The histopathogenesis of perivascular epithelioid cells remains uncertain. Various hypotheses have been described regarding their origin, from undifferentiated neural crest cells,6 or pericytes.5 PEComas are also seen in the tuberous sclerosis complex.7
The majority of hepatic PEComas are single; however, cases with multifocal lesions have been reported.3,8 They pose clinical and radiological diagnostic dilemmas, mimicking metastasis or HCC, especially when multifocal. As imaging usually ends up being equivocal, histology with immunohistochemistry is essential for a definite diagnosis. In most cases, the diagnosis is confirmed only after surgery.
In 1991, human melanoma black-45 (HMB-45) positivity was reported for hepatic PEComas.9 Subsequent reports demonstrated both melanocytic (HMB-45 and melan-A) and smooth muscle (muscle-specific actin and desmin) markers, and other markers including S-100, CD34, and CD117.10 Transcription factor enhancer 3 (TFE3) positivity reflecting TFE gene rearrangements has been found in up to 20% of PEComas.11,12 Our patient's immunohistochemistry demonstrates predominantly melanocytic differentiation with positivity for HMB45, along with TFE3 positivity.
Folpe et al have proposed criteria for classifying the malignant potential in PEComas based on “worrisome features”: (1) tumor size >5 cm, (2) infiltrative margins, (3) high-grade nuclear atypia, (4) mitotic count >1/50 high-power fields, (5) hypercellularity, (6) vascular invasion, and (7) necrosis.13
It is suggested that malignant PEComas are to be considered if 2 or more of these features are present; those with none of the findings are benign, while those with size >5 cm or nuclear atypia are of uncertain malignant potential. Recent studies have shown that clinical evidence of aggressive disease is more important because the smooth muscle components in benign lesions often exhibit cytologic atypia and pleomorphism and could lead to an incorrect diagnosis of malignancy.14 Hypercellularity, hyperchromasia, high mitotic activity, atypical mitotic figures, and coagulative necrosis were observed in our case.
Surgical resection represents the only curative approach for primary PEComa as well as for local recurrences and metastasis because chemotherapy and radiotherapy have not demonstrated significant benefits. Only recently limited clinical studies have reported encouraging results with mTOR inhibitors in patients with metastatic PEComa.15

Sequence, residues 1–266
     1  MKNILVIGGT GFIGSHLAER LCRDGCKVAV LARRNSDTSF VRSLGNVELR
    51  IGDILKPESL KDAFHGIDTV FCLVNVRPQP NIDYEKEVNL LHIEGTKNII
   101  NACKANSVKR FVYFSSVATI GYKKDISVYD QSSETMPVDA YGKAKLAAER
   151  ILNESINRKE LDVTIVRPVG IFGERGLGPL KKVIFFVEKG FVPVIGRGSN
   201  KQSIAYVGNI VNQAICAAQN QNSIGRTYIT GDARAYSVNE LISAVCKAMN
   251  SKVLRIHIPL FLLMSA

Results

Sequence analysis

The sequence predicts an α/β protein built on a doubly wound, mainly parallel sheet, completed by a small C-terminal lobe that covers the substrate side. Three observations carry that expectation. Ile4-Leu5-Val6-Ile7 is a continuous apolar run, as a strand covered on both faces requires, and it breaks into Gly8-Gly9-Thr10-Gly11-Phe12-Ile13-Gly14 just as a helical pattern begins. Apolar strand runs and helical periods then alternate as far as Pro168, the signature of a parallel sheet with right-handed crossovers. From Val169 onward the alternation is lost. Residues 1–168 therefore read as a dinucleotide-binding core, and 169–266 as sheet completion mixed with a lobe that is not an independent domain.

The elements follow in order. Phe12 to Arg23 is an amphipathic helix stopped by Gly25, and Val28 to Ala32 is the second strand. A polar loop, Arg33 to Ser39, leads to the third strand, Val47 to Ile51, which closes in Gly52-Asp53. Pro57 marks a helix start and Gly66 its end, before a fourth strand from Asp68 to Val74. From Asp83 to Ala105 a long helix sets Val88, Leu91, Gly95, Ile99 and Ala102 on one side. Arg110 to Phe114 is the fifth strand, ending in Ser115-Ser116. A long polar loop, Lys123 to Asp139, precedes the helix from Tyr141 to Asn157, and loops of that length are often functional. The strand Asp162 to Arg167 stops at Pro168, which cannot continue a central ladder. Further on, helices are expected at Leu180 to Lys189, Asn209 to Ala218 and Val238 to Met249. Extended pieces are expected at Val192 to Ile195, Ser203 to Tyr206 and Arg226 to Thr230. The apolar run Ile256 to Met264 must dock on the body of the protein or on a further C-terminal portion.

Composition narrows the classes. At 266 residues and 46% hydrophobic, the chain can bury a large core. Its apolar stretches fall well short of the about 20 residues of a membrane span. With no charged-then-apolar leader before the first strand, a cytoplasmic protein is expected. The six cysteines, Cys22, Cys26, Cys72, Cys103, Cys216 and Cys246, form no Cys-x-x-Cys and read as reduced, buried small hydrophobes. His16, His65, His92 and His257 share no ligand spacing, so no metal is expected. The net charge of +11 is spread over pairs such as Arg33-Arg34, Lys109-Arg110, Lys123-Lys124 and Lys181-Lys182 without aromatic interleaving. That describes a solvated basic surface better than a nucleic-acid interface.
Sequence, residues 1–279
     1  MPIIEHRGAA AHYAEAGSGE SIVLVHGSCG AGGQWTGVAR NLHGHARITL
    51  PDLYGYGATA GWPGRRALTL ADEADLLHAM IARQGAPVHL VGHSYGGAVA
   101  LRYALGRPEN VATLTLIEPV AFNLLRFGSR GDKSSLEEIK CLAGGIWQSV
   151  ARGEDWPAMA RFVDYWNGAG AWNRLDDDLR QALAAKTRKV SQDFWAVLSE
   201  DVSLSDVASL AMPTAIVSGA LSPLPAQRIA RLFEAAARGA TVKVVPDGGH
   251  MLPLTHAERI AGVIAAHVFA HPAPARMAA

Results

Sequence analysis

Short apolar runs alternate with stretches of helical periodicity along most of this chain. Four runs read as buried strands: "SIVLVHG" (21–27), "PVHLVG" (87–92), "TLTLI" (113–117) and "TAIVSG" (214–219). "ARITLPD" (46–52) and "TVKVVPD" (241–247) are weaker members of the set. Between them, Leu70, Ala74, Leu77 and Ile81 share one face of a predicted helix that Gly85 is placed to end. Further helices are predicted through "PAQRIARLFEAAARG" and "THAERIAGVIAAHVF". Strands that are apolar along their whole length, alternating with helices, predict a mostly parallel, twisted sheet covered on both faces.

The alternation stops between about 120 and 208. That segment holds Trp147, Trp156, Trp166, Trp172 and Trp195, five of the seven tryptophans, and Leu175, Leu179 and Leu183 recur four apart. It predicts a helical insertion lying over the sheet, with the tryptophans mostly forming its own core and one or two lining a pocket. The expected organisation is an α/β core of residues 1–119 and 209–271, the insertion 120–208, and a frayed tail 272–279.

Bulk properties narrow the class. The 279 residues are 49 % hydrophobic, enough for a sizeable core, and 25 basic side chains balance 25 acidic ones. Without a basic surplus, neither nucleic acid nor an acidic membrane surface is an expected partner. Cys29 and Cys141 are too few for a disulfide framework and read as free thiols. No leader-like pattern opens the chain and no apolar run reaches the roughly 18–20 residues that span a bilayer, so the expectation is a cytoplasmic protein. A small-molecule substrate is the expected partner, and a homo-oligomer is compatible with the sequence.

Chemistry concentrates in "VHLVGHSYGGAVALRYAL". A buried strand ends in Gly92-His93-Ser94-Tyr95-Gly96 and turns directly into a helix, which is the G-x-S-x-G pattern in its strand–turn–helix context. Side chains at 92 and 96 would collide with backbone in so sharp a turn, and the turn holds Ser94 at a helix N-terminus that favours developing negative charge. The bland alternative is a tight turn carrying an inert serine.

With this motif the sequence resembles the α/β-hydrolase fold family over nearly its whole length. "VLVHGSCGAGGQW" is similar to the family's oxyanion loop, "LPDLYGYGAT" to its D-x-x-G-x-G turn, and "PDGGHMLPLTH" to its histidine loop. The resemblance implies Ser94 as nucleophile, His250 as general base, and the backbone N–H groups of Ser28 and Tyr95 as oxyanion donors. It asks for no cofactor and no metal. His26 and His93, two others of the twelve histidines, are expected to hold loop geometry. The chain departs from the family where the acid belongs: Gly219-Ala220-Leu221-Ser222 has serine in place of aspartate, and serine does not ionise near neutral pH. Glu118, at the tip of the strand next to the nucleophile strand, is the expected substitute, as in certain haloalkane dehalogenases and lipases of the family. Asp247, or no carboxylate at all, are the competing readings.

There are no established guidelines on postresection surveillance. The small proportion of PEComas that are malignant are usually aggressive tumors with early metastasis, but metastases have also been observed after 5 years. Parfitt et al documented a case of liver PEComa with benign histologic characteristics that nonetheless presented with multiple metastatic foci nearly 9 years after surgery. A long-term periodic follow-up is therefore rational.16 Assessment of patients and decision-making by a multidisciplinary team will result in improved diagnosis, treatment planning, and outcomes.
Liver PEComas are extremely rare and are usually diagnosed incidentally. They are usually misdiagnosed as malignant hepatic lesions preoperatively. Especially in a background of a noncirrhotic liver, primary hepatic PEComas may be one of the rare differential diagnoses. Optimal surgical resection is the best treatment option currently because results with chemotherapy or immunotherapy are yet to be validated. The long-term follow-up is necessary in all cases including benign PEComas because the natural history of the disease is not entirely known at present.
Author contributions: R. Harwal wrote the manuscript. J. Bharathi Vidya Jayanthi provided pathology guidance and histopathology images. LJJ Rosemary, P. Raju, S. Chidambaranathan, and NB Obla Lakshmanamoorthy revised and edited the manuscript. NB Obla Lakshmanamoorthy is the article guarantor.
Financial disclosures: None to report.
Presentation at a meeting: None.
Informed consent was obtained for this case report.